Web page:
Among the sees, five came to hold a special place of privilege—Rome, Constantinople, Jerusalem, Antioch and Alexandria—their respective prestige having to do with their apostolic founders, notable successors and proximity to political power. A fair question may be raised: with all these important bishops around, who was what in the Mafia is known as capo di tutti capi, or boss of all bosses? The answer is unclear.

Since at least the time of Clement of Rome, the bishop of the imperial capital was in many respects preeminent. Clement was the fourth pope, in office from 88 to 99, although some believed he was ordained by Peter along with predecessors Linus and Cletus.

However, depending on the source, when Constantinople was founded to establish a new imperial capital, its bishop was regarded as either second or coequal.

To complicate matters, two of the most prominent sees—Rome and Alexandria—had bishops known also as “pope” (papa, meaning “father”). In contrast, Constantinople, Antioch and Jerusalem were headed by bishops also called “patriarchs.”

Thus, the evolution to one Roman pope as head of all can best be understood as the result of a historical game of musical chairs that went more or less as follows.

Originally, Jerusalem was the Mother Church, headed by St. James, meaning the apostle James the Just, son of Alphaeus, also known as “the brother of the Lord,” denoting some kinship to Jesus (probably cousin). The Roman siege and destruction of Jerusalem in 70, and later persecutions related to several other uprisings in the 1st and 2nd centuries, led to Jerusalem’s decline until Chalcedon.

The church at Antioch was founded by Peter before he went to Rome; his successor, Ignatius of Antioch, coined the term “Catholic Church.” The Antiochene church remained fiercely independent and may have been where the gospel of Matthew was edited into final form. Antioch remained the only major see that continued to have a close relationship with the rabbinical Jewish community. Indeed, its standing declined after the councils of Nicea and Constantinople because of leaders’ efforts to accommodate rabbinical criticism of the divinity of Christ.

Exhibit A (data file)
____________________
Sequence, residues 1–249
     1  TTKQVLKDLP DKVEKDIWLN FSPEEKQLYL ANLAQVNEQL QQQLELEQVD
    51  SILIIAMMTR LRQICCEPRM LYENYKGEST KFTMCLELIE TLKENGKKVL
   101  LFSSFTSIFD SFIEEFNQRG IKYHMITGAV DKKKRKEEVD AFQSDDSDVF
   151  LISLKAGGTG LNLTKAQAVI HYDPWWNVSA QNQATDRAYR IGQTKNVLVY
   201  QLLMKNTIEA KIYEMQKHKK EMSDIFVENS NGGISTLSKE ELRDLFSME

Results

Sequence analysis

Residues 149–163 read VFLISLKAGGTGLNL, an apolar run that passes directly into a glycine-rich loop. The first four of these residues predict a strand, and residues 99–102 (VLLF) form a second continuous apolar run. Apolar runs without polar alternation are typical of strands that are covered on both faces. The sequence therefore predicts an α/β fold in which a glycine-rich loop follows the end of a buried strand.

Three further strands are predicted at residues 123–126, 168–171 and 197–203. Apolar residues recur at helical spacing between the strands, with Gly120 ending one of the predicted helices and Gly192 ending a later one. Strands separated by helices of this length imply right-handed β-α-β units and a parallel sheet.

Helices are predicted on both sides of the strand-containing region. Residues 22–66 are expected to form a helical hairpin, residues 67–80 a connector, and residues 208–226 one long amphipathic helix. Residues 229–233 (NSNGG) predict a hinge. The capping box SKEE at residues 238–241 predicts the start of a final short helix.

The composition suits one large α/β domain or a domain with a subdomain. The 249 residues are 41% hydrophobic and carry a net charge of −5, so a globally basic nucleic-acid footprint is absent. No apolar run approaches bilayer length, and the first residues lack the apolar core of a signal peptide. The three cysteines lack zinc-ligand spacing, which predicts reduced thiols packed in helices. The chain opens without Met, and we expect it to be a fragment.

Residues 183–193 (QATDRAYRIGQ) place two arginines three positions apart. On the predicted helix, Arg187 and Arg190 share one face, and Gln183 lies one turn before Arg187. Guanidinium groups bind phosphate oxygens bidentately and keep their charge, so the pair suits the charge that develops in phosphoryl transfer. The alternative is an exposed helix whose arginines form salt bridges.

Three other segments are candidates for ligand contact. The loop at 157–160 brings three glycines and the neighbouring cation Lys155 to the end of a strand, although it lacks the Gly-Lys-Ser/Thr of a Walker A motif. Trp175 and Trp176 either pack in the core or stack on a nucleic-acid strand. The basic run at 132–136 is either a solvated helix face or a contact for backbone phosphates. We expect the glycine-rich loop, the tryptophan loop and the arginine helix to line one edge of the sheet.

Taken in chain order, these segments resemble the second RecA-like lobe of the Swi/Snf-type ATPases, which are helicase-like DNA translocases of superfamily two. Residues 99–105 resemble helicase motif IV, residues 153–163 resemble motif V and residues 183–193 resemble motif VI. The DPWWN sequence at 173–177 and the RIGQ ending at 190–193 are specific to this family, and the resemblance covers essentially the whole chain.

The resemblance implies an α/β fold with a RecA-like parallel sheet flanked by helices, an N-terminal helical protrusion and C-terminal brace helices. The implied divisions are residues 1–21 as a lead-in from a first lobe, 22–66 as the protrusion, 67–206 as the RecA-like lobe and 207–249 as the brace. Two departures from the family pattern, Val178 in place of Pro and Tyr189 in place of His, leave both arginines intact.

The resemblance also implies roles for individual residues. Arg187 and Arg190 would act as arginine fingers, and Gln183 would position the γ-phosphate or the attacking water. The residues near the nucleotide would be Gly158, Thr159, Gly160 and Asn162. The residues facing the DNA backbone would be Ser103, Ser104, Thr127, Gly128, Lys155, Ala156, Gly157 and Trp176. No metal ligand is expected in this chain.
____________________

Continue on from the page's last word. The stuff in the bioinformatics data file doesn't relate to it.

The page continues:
Alexandria, home of the other pope, was overrun by two heresies, Arianism and Nestorianism, and ultimately by Islam. Today’s Alexandrian Christians are the Copts, headed by Pope Theodore II.

Constantinople weakened with the Byzantine Empire, which ended in 1453 and was subject to Islamic rule until the 20th century. Also, the patriarch severed ties with Rome in 1054 to head a smaller body of culturally segregated communities in communion with one another, as we shall see.

In the end, Rome was the only one left standing.

A few last points fill in the picture. Until becoming imperial employees in 380, the clergy we are speaking of consisted of unpaid volunteers. There is some evidence that in a number of instances bishops, priests and deacons were not merely appointed from above but noisily elected by community voice vote in which the laity participated. The record strongly suggests that all—except for deacons—were male, and most were married.

Roman primacy notwithstanding, the Church of what we’re beginning to understand as Chalcedonian Christianity was not a monolith in ritual practice, customs or usages, the topic we will turn to next.

Sunday, October 11, 2015

Christianity goes public

Legalization of Christianity allowed two councils to come up with the first formally adopted essential theological synthesis—or symbolon—of faith, the Nicene Creed. The change also brought about a huge transformation in the practices of Christians, their communities and places of worship into something vaguely recognizable to the modern eye.

To understand the change it is worth taking a good quick look at the “before” and “after” pictures of Christians as a social group.


The ante-Nicene Church was secret, persecuted and run by hardy volunteers who circulated carefully guarded writings and gathered in prearranged hidden places, often homes, for prayer, worship and study.

These communities started out as overwhelmingly Jewish in belief and practice but slowly began to Hellenize as rabbis opposed the followers of Jesus and Gentiles began to overwhelm in number the Jewish Christians. The geographic center of gravity of the Christian community still tilted toward Jerusalem, the destroyed original mother church, but slowly began to turn toward culturally Greek Asia Minor, today Turkey. The Judaic influence gave way to the Hellenic, to the point that almost all extant early manuscripts of Christian writings, including the New Testament, are only available in Greek.